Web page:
Here in the United States, economic growth in the Fourth Quarter was the most robust it has been in years though many an expert suggested temperance in interpreting these results as a definitive sign we are moving out of the Great Recession. The question remains: is this growth sustainable? We just don’t know. And it isn’t translating into new hiring – employers are finding ways to do more with less. Hence, weeks go by in a blink for more than just me.

And it was economic growth and job creation that was at the heart of Obama’s State of the Union address. Widely considered an effort to “reboot” his Presidency, Obama focused on the economy and efforts to put Americans back to work. He apparently had heard the message: “it’s the economy, stupid.” Economic fear is marching through the fields and the cities and reports of one quarter’s robust growth are not laying that fear to rest and won’t, not until jobs begin to appear again.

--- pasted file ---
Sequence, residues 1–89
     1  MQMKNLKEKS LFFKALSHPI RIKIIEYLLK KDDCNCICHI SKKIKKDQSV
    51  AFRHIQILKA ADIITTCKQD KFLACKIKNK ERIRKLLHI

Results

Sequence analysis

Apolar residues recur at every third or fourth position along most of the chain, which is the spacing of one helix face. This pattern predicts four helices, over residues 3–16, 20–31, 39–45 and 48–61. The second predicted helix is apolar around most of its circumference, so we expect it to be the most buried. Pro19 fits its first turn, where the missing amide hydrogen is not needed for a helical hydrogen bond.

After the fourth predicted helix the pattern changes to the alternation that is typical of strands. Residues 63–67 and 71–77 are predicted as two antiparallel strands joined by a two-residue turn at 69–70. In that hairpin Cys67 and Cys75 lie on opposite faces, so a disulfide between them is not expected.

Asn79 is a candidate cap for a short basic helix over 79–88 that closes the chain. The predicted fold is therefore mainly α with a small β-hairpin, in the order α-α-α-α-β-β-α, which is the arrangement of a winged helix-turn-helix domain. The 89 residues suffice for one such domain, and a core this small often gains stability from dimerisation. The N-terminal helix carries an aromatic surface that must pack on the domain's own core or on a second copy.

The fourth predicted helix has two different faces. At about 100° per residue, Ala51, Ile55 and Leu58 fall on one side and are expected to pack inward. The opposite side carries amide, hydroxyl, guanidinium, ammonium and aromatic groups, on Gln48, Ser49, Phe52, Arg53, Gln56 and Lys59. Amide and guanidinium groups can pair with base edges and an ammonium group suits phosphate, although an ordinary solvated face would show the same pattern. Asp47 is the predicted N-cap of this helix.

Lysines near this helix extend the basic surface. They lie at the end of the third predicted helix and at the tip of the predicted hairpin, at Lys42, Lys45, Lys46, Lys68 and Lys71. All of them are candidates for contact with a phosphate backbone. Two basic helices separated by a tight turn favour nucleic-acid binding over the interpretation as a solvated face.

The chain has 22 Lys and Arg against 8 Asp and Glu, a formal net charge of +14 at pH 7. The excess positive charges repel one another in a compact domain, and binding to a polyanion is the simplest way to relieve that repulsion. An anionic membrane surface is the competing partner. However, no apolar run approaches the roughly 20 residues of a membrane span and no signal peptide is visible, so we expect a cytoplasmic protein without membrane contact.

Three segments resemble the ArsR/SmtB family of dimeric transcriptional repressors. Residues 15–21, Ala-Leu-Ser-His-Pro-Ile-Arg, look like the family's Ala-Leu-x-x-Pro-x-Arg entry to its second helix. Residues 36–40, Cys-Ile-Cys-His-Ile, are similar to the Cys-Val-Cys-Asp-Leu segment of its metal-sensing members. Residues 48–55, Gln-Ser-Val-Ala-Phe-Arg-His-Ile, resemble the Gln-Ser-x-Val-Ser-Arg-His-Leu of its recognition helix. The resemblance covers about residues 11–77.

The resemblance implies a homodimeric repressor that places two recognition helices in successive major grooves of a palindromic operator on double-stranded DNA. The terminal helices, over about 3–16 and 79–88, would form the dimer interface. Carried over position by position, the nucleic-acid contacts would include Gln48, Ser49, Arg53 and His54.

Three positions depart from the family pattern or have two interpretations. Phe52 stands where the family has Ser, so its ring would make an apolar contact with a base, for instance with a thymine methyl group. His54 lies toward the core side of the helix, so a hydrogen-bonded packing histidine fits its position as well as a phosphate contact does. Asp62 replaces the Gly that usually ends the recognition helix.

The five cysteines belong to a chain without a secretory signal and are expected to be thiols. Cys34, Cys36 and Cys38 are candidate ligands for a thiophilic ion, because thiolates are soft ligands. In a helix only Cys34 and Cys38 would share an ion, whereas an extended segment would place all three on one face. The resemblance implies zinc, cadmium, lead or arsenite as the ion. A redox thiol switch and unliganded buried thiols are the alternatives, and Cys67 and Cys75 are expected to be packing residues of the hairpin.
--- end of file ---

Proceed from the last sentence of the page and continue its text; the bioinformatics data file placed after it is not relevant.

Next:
In what became a sigh of relief for New Yorkers, it appears that the Obama administration has reconsidered and the 9/11 Terror Trials will be held elsewhere. The probable cost kept rising, to a staggering $200 to $250 million dollars a year for a potential four or five years and that sobered a number of folks up. Plus the nerves of the city are frayed again – the attempted bombing of an airliner on Christmas Day underscored New Yorkers fears, feeling that this city has a bull’s-eye painted on it and so why ask for more trouble with trials. The Real Estate industry has been cringing, thinking a locked down portion of the city, watched over by snipers, was not going to be good for business. It’s not official yet. The city will breathe better when it is.
Toyota has issued a recall for a huge number of vehicles, issuing an apology at the same time. They have gone so far as to suspend sales of vehicles until a fix can be found for accelerators that stick. It has been a jarring note for Toyota, once a halcyon of reliability, a reputation now in danger of being tarnished as the recall spreads globally.
In the world of pop culture, Elizabeth Edwards kicked out John; he having moved from political icon to tabloid fodder. According to some, Brangelina is breaking up while others deny and one tabloid has Jen taking Brad back. The world of the tabloids has lots of room for celebrity sensation but not a lot of space for the horrors of Haiti. But perhaps we need our escapism; the world is cluttered with realities hard to fathom and harder still to assimilate into our lives.